The city broke down these departments into 16 specific satisfaction questions; none received a negative satisfaction ratings.
The survey asked about reducing 13 different services. Respondents were in favour of reducing four. They are: tree replacement, parking enforcement, the social development coordinator and bylaw enforcement.
(The survey actually incorrectly stated the social development coordinator’s title.)
Palmer explained the services singled out in the survey for possible cuts were determined with the input of city council.
Several service reduction questions didn’t highlight a path forward for council. Respondents were split evenly on cutting downtown flower baskets, the first responder program and animal control.
Did the responses give council the go-ahead to do away with some services during the ongoing budget cycle?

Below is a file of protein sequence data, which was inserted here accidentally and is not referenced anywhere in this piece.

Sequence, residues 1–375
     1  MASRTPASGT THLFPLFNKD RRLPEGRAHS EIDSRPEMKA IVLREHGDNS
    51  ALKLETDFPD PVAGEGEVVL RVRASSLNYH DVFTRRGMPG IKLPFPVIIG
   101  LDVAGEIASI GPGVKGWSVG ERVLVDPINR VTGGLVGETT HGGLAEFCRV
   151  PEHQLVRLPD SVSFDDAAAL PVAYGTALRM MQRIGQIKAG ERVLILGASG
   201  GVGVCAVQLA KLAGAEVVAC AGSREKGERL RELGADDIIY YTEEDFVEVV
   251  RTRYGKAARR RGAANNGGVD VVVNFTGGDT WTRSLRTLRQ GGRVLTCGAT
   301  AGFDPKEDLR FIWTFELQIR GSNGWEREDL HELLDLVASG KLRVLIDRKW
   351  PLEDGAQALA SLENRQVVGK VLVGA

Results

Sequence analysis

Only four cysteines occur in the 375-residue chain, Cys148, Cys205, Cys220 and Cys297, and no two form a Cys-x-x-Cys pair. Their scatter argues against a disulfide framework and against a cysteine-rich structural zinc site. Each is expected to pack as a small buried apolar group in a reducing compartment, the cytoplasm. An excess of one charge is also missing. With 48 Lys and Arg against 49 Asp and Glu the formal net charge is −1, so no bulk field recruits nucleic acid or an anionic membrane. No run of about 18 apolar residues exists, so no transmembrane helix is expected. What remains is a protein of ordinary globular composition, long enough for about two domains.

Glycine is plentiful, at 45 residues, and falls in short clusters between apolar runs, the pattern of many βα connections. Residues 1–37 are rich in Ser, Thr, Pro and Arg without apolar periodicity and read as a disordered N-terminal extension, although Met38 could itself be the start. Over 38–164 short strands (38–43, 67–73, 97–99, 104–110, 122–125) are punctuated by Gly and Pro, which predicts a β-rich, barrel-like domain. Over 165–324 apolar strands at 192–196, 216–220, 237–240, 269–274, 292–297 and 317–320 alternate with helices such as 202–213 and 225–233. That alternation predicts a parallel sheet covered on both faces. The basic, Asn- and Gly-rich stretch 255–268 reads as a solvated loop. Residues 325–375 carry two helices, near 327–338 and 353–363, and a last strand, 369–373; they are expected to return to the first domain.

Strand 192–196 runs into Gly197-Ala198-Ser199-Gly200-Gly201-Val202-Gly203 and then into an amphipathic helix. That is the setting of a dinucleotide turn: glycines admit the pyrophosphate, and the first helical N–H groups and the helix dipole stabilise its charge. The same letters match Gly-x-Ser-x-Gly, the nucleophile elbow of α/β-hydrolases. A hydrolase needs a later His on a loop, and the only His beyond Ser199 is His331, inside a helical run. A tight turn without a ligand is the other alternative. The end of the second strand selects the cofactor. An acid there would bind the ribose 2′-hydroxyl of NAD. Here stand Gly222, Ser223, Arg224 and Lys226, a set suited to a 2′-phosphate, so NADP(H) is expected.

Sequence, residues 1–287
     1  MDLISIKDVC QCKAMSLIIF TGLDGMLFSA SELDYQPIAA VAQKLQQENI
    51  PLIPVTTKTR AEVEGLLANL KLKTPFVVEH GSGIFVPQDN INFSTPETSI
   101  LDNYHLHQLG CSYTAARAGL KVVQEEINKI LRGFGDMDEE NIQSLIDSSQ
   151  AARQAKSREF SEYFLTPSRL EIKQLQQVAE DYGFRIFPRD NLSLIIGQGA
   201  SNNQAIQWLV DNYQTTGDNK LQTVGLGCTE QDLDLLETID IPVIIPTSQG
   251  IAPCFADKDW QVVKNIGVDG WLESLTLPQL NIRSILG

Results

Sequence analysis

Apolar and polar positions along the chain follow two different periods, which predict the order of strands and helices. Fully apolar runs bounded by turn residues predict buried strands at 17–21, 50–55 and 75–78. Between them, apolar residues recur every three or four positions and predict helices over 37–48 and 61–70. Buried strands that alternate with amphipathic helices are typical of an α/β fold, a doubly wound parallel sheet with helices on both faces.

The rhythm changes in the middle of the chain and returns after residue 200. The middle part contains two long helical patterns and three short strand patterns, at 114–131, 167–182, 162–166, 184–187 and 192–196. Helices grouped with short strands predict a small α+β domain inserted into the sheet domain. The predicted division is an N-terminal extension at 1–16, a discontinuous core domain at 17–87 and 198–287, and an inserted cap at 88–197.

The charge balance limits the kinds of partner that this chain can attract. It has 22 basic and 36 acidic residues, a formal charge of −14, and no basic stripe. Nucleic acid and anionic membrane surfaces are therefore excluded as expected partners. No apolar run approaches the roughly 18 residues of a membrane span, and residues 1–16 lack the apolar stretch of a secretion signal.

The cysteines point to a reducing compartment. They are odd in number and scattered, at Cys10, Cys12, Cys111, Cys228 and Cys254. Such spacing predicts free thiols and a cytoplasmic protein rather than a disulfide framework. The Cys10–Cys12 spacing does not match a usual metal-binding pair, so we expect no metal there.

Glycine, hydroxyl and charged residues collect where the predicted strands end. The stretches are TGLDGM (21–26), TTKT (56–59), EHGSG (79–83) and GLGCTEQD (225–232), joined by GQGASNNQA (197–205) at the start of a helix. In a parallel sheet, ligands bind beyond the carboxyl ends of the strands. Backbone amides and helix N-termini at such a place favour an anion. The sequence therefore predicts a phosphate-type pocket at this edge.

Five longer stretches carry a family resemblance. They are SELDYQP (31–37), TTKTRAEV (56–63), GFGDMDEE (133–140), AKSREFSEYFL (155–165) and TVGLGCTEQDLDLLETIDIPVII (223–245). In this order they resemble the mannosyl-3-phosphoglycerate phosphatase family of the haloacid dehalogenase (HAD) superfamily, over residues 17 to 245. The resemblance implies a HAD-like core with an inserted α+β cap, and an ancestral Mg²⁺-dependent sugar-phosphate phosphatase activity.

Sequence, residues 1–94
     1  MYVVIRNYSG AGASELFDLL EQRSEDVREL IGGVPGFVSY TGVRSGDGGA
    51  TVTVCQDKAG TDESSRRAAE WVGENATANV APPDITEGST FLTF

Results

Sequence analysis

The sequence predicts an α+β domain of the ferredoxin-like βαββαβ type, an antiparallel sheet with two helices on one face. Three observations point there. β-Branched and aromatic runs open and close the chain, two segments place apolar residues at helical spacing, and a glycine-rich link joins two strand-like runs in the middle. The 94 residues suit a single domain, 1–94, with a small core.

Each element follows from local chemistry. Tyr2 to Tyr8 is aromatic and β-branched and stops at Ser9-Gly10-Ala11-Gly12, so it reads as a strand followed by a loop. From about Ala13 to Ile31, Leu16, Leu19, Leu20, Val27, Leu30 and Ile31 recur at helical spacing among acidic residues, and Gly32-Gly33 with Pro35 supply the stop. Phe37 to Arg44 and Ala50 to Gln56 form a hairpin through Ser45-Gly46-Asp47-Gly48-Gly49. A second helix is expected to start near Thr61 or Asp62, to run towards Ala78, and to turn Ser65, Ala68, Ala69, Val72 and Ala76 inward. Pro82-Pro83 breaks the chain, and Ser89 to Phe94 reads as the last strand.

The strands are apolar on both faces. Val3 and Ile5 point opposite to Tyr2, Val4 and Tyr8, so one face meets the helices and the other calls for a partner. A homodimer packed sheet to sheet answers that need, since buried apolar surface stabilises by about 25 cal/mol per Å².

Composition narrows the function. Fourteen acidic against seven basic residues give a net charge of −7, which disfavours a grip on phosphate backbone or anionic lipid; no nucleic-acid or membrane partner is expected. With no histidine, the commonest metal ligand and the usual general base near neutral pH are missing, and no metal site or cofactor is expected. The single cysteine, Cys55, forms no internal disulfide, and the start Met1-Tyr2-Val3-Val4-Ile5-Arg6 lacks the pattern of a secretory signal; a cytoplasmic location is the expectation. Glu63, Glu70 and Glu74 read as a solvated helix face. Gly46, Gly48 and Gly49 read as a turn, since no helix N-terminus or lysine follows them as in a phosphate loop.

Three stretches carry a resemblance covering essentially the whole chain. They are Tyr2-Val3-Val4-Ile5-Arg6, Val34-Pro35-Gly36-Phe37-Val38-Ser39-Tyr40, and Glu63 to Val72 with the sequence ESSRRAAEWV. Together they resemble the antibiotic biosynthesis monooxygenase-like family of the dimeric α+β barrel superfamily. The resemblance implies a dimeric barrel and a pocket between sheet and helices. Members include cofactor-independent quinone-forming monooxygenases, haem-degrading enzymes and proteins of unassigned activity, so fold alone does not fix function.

Palmer said preliminary work done to prepare the draft budget didn’t point towards service cuts. “This community values the high level of service that we provide,” he said. “There wasn’t an overall consensus of actually cutting services in those areas.”
If city council is seeking a clear mandate on canine questions from the survey, they didn’t get it. Some residents have criticized the over-emphasis on dogs in the survey.
On the question of allowing properly supervised, leashed dogs in the farmers’ market, in downtown Revelstoke and at public events, a slight majority said yes to all.
*** The complete survey results are embedded below. ***